Justia Business Law Opinion Summaries

Articles Posted in Wyoming Supreme Court

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The Supreme Court affirmed the judgment of the district court revoking the liquor license held by the Mattheis Company (Company), holding that the district court correctly determined that The Mattheis Company committed a gross violation of Title 12. See Wyo. Stat. Ann. 12-1-101 to 12-10-102. After learning that the Company, which operated a bar in Jackson, Wyoming, the Town of Jackson initiated proceedings to revoke the Company's liquor license. The district court revoked the Company's liquor license following a bench trial. The Supreme Court affirmed, holding (1) liquor-license revocation requires a "gross violation" of Title 12; (2) the district court did not err in concluding that the Company's submission of a false liquor license renewal application was a gross violation of Title 12, notwithstanding the Company's asserted reliance on the advice of counsel; and (3) the district court did not abuse its discretion in revoking the Company's liquor license rather than suspending it. View "Mattheis Co. v. Town of Jackson" on Justia Law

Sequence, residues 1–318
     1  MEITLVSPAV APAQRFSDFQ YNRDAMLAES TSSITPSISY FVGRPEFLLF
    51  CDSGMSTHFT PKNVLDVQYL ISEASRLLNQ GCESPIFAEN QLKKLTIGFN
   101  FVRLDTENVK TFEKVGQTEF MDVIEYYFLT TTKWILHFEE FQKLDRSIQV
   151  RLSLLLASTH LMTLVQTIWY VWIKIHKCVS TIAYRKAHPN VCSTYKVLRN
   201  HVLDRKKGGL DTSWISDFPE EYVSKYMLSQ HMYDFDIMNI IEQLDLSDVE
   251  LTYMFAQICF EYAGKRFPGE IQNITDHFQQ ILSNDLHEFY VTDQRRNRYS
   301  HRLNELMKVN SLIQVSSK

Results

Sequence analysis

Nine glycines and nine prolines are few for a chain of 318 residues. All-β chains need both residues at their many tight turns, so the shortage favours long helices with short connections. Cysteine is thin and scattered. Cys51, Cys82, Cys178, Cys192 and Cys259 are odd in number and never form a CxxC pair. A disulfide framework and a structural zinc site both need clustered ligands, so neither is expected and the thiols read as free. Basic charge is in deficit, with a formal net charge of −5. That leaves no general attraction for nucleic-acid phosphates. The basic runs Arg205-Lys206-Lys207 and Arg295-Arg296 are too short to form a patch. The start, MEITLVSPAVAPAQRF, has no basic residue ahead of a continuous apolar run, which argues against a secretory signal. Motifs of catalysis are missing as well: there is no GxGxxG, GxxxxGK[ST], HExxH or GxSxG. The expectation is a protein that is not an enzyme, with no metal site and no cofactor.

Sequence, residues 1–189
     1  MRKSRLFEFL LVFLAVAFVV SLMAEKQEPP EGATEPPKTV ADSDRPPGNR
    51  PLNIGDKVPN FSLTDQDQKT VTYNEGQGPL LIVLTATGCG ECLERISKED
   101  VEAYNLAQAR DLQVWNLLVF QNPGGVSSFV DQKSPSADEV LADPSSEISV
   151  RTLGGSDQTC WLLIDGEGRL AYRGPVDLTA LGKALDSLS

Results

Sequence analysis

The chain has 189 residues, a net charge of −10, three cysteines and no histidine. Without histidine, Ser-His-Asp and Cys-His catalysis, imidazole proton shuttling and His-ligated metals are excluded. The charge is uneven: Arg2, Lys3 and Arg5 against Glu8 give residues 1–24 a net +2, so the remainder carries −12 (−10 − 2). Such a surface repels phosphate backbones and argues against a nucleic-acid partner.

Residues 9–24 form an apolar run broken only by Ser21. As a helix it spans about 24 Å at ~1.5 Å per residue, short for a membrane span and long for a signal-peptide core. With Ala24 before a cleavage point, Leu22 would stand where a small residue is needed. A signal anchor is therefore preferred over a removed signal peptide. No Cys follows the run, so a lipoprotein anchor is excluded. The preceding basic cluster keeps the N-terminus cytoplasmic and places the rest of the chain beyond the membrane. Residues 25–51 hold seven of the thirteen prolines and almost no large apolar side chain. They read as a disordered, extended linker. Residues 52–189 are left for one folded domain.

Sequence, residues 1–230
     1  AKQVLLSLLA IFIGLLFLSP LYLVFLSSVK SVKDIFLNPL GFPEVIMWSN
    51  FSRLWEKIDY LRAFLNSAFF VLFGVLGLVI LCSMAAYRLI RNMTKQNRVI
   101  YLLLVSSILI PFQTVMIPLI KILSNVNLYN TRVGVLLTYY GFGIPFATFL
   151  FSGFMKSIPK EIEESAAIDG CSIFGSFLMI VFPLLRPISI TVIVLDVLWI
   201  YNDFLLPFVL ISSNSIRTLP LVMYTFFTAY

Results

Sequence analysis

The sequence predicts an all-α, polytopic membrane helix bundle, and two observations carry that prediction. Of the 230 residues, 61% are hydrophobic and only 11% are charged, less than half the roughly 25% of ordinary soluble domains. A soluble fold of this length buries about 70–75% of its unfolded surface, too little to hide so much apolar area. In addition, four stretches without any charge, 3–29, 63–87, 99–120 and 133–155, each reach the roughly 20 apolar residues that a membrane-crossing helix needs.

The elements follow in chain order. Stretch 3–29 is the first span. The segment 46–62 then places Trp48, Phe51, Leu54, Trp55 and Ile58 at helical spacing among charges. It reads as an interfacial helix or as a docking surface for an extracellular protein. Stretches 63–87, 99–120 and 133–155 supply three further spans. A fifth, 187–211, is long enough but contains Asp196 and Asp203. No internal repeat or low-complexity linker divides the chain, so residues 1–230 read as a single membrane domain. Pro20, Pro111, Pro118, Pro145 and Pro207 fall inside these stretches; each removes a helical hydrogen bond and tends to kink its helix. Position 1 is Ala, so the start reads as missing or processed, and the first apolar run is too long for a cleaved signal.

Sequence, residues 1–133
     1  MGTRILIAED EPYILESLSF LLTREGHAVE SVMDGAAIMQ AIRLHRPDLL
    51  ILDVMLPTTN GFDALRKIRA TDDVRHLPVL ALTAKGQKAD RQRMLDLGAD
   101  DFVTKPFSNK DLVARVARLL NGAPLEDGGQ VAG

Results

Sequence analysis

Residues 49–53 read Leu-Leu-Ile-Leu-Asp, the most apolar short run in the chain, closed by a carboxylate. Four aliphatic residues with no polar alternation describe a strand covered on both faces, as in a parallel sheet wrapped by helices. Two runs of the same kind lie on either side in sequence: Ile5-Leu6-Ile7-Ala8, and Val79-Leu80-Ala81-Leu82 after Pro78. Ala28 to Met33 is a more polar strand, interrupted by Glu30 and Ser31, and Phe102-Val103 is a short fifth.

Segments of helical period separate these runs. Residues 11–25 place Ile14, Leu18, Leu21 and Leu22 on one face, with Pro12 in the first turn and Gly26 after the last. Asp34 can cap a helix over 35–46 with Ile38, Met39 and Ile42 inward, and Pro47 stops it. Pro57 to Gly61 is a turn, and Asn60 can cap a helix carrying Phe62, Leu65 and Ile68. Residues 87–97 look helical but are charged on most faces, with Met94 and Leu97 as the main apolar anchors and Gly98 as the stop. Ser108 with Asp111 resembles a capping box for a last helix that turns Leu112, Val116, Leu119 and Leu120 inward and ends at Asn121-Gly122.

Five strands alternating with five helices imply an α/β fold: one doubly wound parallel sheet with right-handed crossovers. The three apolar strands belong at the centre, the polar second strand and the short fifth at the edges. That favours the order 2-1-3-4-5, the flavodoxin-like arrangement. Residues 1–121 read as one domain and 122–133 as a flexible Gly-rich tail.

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In this appeal brought by Alex Mantle and Marjorie Mantle the Supreme Court affirmed in part and reversed and remanded in part the district court's decision as to various post-trial issues in ongoing litigation arising from a soured business deal. The Court held (1) the district court lacked subject matter jurisdiction to offset the judgments when that issue was pending in the Supreme Court in Mantle I; (2) with respect to Killmer Settlement Funds, (a) there was no reviewable order in the record regarding whether the Garlands had standing to assert a direct claim against Karl Killmer, and (b) the Mantles did not have a superior security interest in the Killmer Settlement Funds by operation of the “general intangibles” clause of the FNB security agreement; (3) the district court did nor when it awarded North Star Energy & Construction, LLC's attorneys, The Kuker Group, their attorney fees from a portion of the Killmer Settlement Funds; and (4) the district court did not err when it issued a nunc pro tunc order that removed Marjorie Mantle’s name from the order that disbursed the Killmer Settlement Funds. View "Mantle v. North Star Energy & Construction LLC" on Justia Law